And so, we have come back around to September again. There have been 52 of them for me thus far, 19 for Oldest Daughter, 16 for Younger Daughter. My lovely wife has had somewhat fewer Septembers in her life. It's the first September for the new puppy, now 8 months old and sleeping at my feet as I write this. This can be a time of year to take stock of the summer past, and look forward to the fall ahead, and perhaps ponder our place in the Universe.
The end of summer. Time to say goodbye to longer days, warm evenings; being able to jump in the pool at 8 PM and not get chilled after you get out. Its also time for the start of school. The streets in our neighborhood are again full of parents and kids, all walking to school. The 7:45 AM rush, a timeless tradition here for more than 50 years or so, I guess. Strollers, little bikes, kids in helmets, small students with parents holding hands, backpacks and lunch sacks, moving slowly westward from the top of our street, daily participants in some not-so-distant Big Event.
It really is a Big Event, this life we lead, isn't it? Full of millions of little events, like your first bike solo, your first day of school, and, as you grow older, heading back to college in the early fall. All these seemingly little events that begin to pile up, and make something beautiful, or sad, or challenging. Each step is important, and if we handle them with love and humor, perhaps the finished result might be something beautiful.
We participated in that again this year, for our second time, in the start of college thing. Three weeks ago, we were in Chicago moving Kelly into her completely hip college apartment. Four girls in three bedrooms (and what looks to have been the former den), ready for another year at school. Trips to Ikea, and Target and Costco, gathering up the stuff needed to make the apartment work. With my lovely wife along, I felt sort of like Cro-Magnon Man With Wallet. Following wife and daughter to all these places, grunting occasionally at some decorating choice, and supply my VISA card at the crucial check-out moment. Most of the sounds I made sounded much like the names of the products sold at Ikea, such as "Fnork", or "Trall", or "Glank". This is my new roll as the Dad of a college aged daughter; follow, grunt, pay.
As I followed the ladies around Ikea and Costco, I was also quietly reflecting on how life had led me to this place, and remembering, through the fog of middle age, my own college years. What if I could relive those years, only with the middle life perspective I now have? What would that feel like, and how might I experience those college years differently? This is what I wondered, as I pushed the cart around Ikea.
As part of all this pondering, about college and daughters and life, I have been reflecting on the ark that the life of Older Daughter is taking as she reaches toward 20 years. A sophomore in college now As a young parent there was no way I could have ever know or fully understood who she was going to become as she grew. No way I would have known that she decided in the fifth grade that she should become a teacher for her vocation. So many things I could never have imagined, that have now come to pass.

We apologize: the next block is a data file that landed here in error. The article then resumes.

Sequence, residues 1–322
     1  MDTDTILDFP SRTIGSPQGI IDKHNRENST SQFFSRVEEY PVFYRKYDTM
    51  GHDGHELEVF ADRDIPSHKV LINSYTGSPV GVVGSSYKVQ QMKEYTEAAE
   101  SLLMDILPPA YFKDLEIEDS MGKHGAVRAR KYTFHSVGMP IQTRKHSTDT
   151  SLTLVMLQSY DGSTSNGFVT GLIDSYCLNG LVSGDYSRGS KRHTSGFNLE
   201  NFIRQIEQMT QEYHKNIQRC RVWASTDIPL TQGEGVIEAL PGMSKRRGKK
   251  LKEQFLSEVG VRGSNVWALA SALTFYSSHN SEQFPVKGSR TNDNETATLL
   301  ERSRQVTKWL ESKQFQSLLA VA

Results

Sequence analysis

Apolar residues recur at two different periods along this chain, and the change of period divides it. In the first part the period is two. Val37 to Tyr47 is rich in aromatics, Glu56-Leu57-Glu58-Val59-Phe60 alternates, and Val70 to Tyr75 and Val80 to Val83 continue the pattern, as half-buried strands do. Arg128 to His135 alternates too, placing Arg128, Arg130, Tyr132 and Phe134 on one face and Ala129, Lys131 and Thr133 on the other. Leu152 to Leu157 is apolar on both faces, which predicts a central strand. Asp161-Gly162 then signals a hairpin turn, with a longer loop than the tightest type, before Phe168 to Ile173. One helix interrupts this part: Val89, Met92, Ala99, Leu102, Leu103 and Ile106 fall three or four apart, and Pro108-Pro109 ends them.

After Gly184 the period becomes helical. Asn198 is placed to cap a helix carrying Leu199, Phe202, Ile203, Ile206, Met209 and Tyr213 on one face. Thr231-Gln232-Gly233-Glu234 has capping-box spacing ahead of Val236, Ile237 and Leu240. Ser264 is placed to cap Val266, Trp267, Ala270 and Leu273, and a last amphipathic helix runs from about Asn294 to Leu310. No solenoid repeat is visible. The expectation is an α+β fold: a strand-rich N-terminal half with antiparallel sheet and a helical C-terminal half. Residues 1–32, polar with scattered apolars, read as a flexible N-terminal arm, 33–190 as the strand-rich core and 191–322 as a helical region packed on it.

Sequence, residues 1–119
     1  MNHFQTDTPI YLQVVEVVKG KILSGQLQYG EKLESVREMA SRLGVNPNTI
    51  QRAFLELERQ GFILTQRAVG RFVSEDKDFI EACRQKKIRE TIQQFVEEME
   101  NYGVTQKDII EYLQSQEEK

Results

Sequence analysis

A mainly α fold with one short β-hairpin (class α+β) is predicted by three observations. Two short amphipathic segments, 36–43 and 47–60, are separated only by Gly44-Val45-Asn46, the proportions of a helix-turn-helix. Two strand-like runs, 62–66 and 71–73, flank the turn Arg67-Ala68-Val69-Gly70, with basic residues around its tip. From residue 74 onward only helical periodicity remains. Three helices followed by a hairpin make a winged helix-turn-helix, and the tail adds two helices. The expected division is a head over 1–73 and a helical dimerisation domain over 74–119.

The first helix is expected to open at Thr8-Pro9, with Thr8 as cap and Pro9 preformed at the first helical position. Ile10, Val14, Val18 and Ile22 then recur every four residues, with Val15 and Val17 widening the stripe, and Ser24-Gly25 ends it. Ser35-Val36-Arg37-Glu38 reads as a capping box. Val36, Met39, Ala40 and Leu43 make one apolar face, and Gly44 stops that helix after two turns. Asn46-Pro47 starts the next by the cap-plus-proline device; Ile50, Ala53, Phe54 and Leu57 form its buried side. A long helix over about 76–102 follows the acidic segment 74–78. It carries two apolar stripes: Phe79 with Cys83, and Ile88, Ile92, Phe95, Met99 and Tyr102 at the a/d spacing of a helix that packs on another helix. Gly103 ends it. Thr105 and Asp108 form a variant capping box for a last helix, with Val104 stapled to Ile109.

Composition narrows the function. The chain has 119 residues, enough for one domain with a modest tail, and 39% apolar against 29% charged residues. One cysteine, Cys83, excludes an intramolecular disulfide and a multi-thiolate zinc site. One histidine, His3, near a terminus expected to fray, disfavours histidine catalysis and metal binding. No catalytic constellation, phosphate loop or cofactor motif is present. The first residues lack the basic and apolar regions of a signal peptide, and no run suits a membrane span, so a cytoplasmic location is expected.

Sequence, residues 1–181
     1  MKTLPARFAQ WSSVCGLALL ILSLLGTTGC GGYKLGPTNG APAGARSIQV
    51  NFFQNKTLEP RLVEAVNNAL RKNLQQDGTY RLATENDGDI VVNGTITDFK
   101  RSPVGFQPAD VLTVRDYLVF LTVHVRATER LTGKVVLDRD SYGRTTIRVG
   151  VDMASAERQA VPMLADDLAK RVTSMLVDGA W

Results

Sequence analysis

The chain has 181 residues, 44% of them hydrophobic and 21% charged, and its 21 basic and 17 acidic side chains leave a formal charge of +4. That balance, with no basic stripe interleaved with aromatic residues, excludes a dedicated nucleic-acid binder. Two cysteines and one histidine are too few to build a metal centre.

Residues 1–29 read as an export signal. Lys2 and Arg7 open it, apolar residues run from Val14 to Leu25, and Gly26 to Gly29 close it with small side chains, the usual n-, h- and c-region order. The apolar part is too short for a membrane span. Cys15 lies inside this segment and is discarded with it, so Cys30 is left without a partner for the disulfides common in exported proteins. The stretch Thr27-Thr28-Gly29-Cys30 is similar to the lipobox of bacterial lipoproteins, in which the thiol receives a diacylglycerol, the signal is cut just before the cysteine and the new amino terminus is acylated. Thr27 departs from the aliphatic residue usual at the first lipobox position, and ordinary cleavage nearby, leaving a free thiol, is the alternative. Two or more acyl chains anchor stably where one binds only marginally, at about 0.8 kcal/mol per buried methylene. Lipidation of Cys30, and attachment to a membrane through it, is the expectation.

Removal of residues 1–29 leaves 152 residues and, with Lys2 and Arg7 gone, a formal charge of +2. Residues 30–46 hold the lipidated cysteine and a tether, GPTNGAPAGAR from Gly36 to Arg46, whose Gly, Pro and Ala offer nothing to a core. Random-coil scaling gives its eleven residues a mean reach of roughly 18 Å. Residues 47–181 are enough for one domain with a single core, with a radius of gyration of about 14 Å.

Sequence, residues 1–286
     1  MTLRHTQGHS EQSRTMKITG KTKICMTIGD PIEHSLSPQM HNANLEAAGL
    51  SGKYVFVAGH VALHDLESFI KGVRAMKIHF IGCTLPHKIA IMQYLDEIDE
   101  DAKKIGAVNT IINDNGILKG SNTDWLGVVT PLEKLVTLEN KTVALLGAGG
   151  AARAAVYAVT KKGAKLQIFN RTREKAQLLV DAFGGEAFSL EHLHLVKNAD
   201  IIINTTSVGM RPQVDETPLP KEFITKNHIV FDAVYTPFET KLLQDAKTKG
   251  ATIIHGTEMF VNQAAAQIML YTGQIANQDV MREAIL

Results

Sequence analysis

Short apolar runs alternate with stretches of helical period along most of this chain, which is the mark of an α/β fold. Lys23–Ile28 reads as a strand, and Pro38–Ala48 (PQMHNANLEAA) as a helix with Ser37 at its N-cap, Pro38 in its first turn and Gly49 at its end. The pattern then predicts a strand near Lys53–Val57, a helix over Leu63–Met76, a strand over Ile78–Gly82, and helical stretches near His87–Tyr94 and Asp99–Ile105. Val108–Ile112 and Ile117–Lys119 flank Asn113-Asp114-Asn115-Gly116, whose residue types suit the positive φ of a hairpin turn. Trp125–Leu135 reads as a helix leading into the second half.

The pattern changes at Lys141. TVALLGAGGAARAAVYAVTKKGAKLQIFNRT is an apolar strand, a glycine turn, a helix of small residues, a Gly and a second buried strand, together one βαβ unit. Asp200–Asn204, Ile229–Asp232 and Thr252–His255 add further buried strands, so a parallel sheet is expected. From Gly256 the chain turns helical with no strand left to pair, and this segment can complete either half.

This place of "not knowing" about where are kids are headed is as old as humanity, and reminds me of one of my favorite stories in the Gospels. In Luke, where Joseph & Mary present their little child to the Lord, and a man named Simeon is present. How would you feel if an old man took your child in his arms and pronounced clearly just exactly what his or her future would look like? My favorite line in this story is:
"Jesus' father and mother were speechless with surprise at these words."
I can completely understand how they felt, those two very young parents. What was this old man saying? How did he know? And for me, what would it have felt like to have been told the future and fate of my own child, when she was so very young? What a moment. What a life. We parents, we need time to take it all in. Learning it all too fast can break our hearts.
And then, several days ago, I stumbled on this beautiful song by Rosie Thomas. It seems to connect the pieces together perfectly at just this point in life.
When they are little, you want to hold them so tight. I think Mary and Joseph felt that too. I did. But as time passes, our grip must loosen. I keep telling myself that. Loosen up, dude. I said that to myself as I circled around inside Ikea. Loosen up.
I need to remember, that, in spite of my own unconvinced heart, and sometimes undercover smile, that I need to just let her go. She's beautiful. Otherwise, she may never know.
Red Rover by Rosie Thomas
Red rover, red rover Send Mary right over School books in her hand And her shawl over her shoulders
And let her run Run as fast as she can Don't let her grow up to be Like her mother Heart so unconvinced and a world So undiscovered And asking for forgiveness Not knowing how to forgive. And oh Just let her go And oh She's beautiful If you hold her back, She may never know. Red rover, red rover, Send Daniel School books in his hand And a coat over his shoulder And let him run Run as fast as he can Don't let him grow up to be like his father Heart so set in stone And a smile so undercover And opening the door to love, Never letting love in. And oh Just let him go And oh He's beautiful If you hold him back, He may never know.